we confess our sin: “Mommy was wrong when she spoke harshly to you. That was not following the way of Jesus who tells us to ‘admonish the idle, encourage the fainthearted, help the weak, be patient with them all.’ Will you forgive me for sinning against you?” This is a good example. The question we must ask ourselves is not, “Am I a perfect example for my children?” but “Am I an authentic example for my children?”
6. What encouragement can you give to the dad or mom who feels discouraged because their child has been taught all the right things, has memorized all the right verses, and yet still doesn’t seem to be interested in the things of God? Well, channeling Winston Churchill, “Never give up! Never give up!! Never, never, never, never, never, never!” Persevere in prayer. Trust the God of the universe who is working his perfect will and has the power to change hearts in a moment. Humbly submit to God’s right to bring your child to faith using any means he pleases. Keep on teaching winsomely, keep on sharing the work of God in your heart, keep on living authentic, godly lives in front of your children. Show your children that Jesus is your greatest treasure, and don’t give in to discouragement or despair. God is faithful and his ways are right. Hearing is still the means of believing, and prayer is God’s ordained means of promoting his work in the world and in the hearts of man.
7. We typically think of the doctrines of grace as doctrines that one comes to learn about
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later in life, when one is mature and knows a lot about the Bible already. But is there an advantage to teaching these doctrines to children while they are young? How might these doctrines provide a foundation that parents can build upon? For years in our church, my husband and I heard John Piper proclaiming the doctrines of grace in the sanctuary with clarity, depth, and lifetransforming impact, but in our Sunday school classes our children were often being taught only a few basic biblical truths, distorted truth, or sometimes even untruth. When we were placed with the responsibility of children’s ministry we determined that children would learn accurate doctrine and the full counsel of God, which set us off on an unanticipated journey of producing teaching materials now available through Children Desiring God. What we have seen in teaching these truths at a young age is that children more readily accept the “hard truths” than adults because they don’t have the emotional hang-ups that adults have with these truths. At first, these are intellectual issues for children, and they are not colored by their experience.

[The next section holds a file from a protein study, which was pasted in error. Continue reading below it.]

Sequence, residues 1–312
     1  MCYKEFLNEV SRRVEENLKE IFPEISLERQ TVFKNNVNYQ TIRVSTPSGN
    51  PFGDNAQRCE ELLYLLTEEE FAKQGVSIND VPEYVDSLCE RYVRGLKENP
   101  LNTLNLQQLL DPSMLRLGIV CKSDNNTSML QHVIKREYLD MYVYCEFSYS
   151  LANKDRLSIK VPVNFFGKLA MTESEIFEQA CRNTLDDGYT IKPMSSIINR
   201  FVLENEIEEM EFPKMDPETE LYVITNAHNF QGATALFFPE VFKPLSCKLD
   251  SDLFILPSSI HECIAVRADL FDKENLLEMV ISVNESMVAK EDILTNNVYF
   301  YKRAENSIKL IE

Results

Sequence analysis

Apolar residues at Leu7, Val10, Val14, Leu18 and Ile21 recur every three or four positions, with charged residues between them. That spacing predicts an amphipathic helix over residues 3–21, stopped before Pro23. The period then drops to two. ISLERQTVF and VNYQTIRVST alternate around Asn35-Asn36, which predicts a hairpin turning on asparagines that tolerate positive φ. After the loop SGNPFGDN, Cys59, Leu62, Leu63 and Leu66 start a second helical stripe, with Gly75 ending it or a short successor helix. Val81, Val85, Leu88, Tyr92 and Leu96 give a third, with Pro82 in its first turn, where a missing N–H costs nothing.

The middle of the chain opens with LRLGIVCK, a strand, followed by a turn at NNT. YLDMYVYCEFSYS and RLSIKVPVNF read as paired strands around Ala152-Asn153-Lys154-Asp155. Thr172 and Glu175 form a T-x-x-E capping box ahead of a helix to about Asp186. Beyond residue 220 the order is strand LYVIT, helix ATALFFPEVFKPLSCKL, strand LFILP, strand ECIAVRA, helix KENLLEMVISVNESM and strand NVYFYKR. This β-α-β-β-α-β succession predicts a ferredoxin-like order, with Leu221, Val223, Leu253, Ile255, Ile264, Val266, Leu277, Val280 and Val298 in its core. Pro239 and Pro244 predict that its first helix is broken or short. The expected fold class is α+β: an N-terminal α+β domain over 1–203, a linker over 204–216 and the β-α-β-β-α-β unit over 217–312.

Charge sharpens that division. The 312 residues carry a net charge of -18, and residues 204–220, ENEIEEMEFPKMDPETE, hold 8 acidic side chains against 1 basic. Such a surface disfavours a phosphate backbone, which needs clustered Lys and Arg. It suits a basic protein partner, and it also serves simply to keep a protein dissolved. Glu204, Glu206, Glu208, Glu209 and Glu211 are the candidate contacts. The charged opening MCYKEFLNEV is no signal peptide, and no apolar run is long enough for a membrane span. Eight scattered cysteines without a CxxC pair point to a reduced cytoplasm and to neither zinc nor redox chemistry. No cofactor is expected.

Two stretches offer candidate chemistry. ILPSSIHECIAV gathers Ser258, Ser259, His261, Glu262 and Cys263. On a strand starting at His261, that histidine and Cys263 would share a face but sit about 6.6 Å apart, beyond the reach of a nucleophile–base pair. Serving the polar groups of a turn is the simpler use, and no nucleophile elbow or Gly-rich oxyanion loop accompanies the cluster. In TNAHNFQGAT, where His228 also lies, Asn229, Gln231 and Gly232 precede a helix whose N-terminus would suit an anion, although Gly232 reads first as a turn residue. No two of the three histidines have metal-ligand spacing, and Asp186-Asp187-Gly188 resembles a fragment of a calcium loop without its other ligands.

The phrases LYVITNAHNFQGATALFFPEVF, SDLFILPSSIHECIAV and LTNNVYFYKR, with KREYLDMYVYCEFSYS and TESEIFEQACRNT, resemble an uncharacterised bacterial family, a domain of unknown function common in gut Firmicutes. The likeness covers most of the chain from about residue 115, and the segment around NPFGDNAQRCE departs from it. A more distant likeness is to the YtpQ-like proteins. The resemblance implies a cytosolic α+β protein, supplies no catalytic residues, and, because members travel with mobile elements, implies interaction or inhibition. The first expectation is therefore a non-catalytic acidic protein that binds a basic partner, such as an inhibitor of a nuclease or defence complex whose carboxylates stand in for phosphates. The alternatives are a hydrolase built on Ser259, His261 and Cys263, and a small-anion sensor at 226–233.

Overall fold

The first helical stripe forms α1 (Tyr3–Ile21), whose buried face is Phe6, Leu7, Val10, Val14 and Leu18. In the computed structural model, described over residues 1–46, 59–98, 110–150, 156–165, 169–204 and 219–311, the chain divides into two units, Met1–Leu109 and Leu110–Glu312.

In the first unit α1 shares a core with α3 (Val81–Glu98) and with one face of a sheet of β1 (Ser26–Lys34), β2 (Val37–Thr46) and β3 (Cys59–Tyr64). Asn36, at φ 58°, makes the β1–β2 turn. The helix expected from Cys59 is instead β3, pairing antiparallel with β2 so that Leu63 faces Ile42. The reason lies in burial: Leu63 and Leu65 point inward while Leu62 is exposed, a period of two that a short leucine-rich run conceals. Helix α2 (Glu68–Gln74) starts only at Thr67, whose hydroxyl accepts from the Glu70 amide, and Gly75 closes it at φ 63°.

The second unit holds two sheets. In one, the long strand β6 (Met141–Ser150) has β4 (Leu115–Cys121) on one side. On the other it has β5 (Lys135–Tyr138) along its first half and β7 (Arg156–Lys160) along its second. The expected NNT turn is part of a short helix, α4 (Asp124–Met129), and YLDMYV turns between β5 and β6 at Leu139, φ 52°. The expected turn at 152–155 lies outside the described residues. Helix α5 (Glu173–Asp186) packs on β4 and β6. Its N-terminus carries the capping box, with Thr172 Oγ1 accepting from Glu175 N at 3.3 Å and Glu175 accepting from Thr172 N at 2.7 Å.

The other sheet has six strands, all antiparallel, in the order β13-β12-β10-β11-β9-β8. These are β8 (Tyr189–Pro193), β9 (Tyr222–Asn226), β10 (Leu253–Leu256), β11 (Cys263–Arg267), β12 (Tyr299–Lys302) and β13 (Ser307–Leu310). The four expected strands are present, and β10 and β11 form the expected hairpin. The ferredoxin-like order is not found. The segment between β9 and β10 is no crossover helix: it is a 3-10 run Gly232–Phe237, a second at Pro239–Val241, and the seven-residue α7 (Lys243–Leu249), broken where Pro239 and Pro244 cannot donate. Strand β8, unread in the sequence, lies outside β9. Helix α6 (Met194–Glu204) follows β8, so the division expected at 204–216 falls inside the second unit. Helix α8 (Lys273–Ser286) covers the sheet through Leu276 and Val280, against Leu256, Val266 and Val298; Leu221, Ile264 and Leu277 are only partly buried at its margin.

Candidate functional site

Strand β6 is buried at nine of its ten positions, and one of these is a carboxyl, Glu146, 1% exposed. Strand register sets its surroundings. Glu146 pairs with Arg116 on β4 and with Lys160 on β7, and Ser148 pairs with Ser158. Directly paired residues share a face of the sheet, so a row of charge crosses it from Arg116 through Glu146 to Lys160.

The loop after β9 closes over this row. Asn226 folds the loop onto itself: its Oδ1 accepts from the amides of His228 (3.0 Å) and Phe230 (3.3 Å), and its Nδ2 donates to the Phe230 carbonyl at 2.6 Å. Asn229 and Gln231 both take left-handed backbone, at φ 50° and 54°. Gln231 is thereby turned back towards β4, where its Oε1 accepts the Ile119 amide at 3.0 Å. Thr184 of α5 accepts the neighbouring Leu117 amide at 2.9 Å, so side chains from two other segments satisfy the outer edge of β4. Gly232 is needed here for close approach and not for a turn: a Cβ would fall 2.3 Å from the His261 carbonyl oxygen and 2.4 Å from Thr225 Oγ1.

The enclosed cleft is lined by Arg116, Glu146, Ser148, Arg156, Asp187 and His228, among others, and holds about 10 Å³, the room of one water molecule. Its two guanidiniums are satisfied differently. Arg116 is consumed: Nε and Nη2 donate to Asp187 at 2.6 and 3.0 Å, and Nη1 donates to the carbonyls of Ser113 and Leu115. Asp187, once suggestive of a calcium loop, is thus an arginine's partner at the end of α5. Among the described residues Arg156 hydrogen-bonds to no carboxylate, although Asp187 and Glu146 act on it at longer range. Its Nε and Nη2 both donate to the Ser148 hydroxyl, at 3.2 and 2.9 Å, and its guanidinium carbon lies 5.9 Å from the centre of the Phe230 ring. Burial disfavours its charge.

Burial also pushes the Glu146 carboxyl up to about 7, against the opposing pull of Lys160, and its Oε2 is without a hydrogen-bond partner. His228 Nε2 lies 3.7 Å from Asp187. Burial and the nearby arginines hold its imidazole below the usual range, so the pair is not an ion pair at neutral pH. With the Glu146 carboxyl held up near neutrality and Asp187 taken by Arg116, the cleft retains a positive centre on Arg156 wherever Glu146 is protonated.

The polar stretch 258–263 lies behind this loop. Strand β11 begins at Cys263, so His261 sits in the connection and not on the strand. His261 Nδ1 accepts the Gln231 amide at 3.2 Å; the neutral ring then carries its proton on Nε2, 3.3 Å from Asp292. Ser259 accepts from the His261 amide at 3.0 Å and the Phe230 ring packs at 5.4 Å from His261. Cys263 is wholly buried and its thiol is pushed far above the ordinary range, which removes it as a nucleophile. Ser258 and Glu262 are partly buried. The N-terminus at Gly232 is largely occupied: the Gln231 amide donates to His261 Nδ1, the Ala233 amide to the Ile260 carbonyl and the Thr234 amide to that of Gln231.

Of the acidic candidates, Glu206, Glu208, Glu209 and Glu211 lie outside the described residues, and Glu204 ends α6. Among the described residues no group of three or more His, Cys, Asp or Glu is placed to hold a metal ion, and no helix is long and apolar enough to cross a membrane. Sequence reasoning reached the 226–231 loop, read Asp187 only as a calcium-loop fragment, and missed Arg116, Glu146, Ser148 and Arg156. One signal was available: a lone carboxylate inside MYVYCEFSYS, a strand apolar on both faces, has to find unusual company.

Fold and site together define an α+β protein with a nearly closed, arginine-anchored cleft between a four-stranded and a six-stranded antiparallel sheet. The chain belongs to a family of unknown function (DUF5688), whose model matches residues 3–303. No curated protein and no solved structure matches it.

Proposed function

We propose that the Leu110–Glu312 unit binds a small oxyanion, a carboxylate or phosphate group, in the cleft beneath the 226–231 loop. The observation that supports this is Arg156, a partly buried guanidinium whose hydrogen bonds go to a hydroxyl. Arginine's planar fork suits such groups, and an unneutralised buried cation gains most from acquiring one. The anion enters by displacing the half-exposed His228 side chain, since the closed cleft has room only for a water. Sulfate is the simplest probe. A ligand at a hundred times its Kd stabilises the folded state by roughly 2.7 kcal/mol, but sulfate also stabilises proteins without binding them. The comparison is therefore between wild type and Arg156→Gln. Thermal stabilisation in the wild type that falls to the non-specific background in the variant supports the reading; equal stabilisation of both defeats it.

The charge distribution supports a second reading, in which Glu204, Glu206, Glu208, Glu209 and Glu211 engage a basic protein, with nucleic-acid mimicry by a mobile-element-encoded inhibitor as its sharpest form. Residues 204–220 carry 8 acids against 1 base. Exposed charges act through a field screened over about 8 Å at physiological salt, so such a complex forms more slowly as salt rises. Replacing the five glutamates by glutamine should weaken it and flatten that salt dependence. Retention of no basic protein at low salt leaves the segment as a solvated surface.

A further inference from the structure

WE WOULD HEARTILY AGREE WITH OSWALD CHAMBERS’ STATEMENT THAT “PRAYER DOES NOT EQUIP US FOR GREATER WORKS— PRAYER IS THE GREATER WORK.”